Simplifying it: Blockchain is a sort of a database. It can store data in a special “Blockchain-way”. And this is where it gets tricky: Just to store data, it is easier to store data in a SQL database, NoSQL database or other. They are faster and get stuff easier done.

A good use case for Blockchain is one where data needs to get verified by peers. So the only reason to use Blockchain to save data is to gain trust.

Three use cases:

Use case one is a bank. By transfering x money from one bank account to another, the bank takes care that one side has x money less and the other side has x money more. And they might be charging you for it or it takes some time (maybe a day or two or even more). Technology can leverage this by minimizing costs and doing it almost just in time. A bank here is some sort of a trust center. Both parties trust their bank to do this in the right way. To eliminate the third party – everybody needs to trust the technology.

Use case two is an election. Ultimatively the counting of votes are done by the government. But who takes care that they do it right? Who can observe it? With technology the counting can be automated and investigated by everyone afterwards. Trust again is the major driver.

Use case three is notary. Buying a house in Germany needs a notary to verify it. Technology can verify it too and everyone can check who owns this house or property. This speeds processes up and minimizes costs.

All of this is done with the decentralization of datasets which are connected. Not one person, organization or similar holds the data sovereignty, but as many people can save this data when they just want to do it. If someone manipulates a dataset in one blockchain on their local environment, all the other peers have an unmanipulated version of it and can therefore prove what is wrong and what is right.

Just to store data in a modern way, Blockchain is not a solution. There are way better options which are simpler and faster.

Blockchain is for gaining trust where normally a third party will guarantee trust. This third party trust costs and the process is slower and more complicated. Blockchain is not just for saving data.

Social media is challenged by traditional media responsibilities

The case of Trump winning the US election is surprising. No polling institute could have predicted this result. There are many articles with attemps to explain how this could happen. And the felt truth is that if you search long enough you will find every reason, from it was Hillarys fault, over Trump using “the art of war” principles (not kidding), up to a systematic failure of social media.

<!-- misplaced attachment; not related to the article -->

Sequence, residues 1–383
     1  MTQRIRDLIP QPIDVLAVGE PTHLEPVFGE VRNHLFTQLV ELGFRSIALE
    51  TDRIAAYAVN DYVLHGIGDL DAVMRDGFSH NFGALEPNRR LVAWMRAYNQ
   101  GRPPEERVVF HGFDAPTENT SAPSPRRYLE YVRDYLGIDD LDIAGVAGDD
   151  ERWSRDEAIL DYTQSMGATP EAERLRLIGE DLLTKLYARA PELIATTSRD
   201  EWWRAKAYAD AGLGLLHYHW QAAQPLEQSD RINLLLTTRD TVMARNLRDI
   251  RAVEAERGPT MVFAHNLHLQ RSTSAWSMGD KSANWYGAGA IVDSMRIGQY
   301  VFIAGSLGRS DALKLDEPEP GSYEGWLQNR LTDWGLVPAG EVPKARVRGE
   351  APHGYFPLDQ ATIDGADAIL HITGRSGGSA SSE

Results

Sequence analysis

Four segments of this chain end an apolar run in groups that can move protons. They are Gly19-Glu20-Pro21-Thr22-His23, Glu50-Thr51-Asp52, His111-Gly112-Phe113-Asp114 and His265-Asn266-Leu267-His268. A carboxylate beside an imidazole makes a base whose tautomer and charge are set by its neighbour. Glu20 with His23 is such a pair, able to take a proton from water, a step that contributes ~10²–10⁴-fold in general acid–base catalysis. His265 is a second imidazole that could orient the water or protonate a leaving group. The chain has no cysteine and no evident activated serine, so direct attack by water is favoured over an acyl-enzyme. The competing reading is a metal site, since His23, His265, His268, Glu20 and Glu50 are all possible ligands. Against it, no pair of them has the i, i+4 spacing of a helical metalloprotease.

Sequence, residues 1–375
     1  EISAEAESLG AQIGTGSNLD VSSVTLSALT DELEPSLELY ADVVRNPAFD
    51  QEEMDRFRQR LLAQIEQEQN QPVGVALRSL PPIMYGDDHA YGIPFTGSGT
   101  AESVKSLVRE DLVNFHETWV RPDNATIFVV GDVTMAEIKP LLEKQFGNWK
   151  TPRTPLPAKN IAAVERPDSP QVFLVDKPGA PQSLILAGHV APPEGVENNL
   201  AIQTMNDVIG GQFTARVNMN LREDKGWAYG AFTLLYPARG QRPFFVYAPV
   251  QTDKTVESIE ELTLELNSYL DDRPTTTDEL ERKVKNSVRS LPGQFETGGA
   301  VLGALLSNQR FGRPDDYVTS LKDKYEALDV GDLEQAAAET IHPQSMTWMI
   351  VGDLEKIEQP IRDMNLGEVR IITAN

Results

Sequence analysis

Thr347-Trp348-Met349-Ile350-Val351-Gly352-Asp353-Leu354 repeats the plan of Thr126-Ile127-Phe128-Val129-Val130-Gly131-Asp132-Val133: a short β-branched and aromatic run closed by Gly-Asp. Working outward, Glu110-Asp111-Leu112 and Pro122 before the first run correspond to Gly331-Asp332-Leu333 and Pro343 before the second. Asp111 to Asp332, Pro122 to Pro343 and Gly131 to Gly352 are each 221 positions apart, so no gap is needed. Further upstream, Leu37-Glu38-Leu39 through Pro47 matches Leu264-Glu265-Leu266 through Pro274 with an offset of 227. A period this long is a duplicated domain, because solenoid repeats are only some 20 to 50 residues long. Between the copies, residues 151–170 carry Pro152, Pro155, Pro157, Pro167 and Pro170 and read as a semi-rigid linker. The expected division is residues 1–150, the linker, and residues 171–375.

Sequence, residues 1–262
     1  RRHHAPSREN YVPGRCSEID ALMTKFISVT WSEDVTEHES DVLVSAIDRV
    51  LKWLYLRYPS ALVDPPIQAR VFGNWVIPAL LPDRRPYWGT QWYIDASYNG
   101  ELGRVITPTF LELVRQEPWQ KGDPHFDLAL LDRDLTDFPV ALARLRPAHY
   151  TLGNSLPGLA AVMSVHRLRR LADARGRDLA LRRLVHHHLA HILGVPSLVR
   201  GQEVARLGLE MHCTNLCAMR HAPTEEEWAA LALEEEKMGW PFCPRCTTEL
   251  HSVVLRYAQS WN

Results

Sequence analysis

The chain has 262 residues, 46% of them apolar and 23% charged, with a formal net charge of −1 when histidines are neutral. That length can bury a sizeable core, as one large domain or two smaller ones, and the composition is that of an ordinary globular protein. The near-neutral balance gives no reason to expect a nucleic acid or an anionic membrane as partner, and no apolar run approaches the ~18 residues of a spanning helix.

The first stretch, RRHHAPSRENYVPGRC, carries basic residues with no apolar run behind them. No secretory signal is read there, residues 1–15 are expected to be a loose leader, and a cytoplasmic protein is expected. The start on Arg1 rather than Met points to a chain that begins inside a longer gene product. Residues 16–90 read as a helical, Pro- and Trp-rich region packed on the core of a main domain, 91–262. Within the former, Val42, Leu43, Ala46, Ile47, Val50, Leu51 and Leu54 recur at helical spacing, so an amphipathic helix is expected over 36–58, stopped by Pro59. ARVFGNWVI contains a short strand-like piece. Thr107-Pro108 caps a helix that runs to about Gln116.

Nowadays, social media is playing a major role. This was the case in the last two Obama elections, it was the case in this election and it will be more and more in the future. What is new, is the discussion about how a failure in the system of social media could lead to a “wrong” outcome. More specifically: How can fake news influence voters in thinking wrong statements are fact and therefore voting for a wrong candidate they never wanted to vote for.

I think about this almost everytime I am using Spotify. Based on what it thinks I like, it will recommend me and show me music I should like. I hate it. I want to discover new music and just hear random songs which I do not know and find out if I like it. Maybe I like Schranz but I would never discover it if Spotify just shows me what it thinks I like based on what I hear? (Spoiler: I do not like it)

Without actively countersteering against these algorithms, it will be a neverending circle downwards in what the algorithm thinks you like, but you do only to a certain degree. And you get tired countersteering against it. After a while you just let it happen, because the algorithm never gets tired. And this is how “news” showing up works on Facebook.

It is easy to let Facebook influence you in only one direction. And you pull friends into it, too. Additionally it is very easy to just isolate yourself against other opinions. In the past this was not even possible. Reading news without seeing other headlines is almost impossible. Also talking and discussing about events and opinions is mostly enrichened by a even just a few other opinions. To block those opinions was not that easy. It is now. Just a few clicks ahead.

An opinion should not only base on one opinion or one side of the medal. But actually on hearing every side, thinking about what is right for yourself and then decide what your opinion really is. With social media this is not the case. What it lacks is an editor service like traditional newspapers have. Give readers a distinguished picture of what happens, what “facts” are right and wrong and also expose lies and wrong stories.

Facebook has seen itself for many years as just a platform where people can share content. But to only distancing itself from the responsibility of what is shared is not an option. Facebook realized this by making a decision of not showing nipples on the platform, they realized it by having lawsuits against themselfes in Germany because of demagoguery and they realized it now. What lacks is a solution to the problem. And firing all human editors and trusting only AI is maybe not the right solution, because there is often a large context to consider. Is a nipple porn? What about breast cancer awareness campaign? (Fun fact: In Germany there is a fixed degree a penis can stand without being porn (I think it was 45°))

For Spotify and Amazon this decision is an easy one. They add the degree of showing products which they think the user likely likes and compares it with an A/B-test based on usage and revenue. For Facebook it is more complicated – it is not just about how much revenue they generate and how long users stay on facebook, it is about how much they care about their users and about how much they care about them, that they get fact-checked distinguished opinions to make their own decisions.

“On the dark art of software estimation”

Found a great article about software estimation. Something in software development that still bothers me somehow. Nevertheless we all know it is somehow essential.

Love this one:

Let’s take a hike on the coast from San Francisco to Los Angeles to visit our friends in Newport Beach. I’ll whip out my map and draw our route down the coast … The line is about 400 miles long; we can walk 4 miles per hour for 10 hours per day, so we’ll be there in 10 days. We call our friends and book dinner for next Sunday night, when we will roll in triumphantly at 6 p.m.

On the dark art of software estimation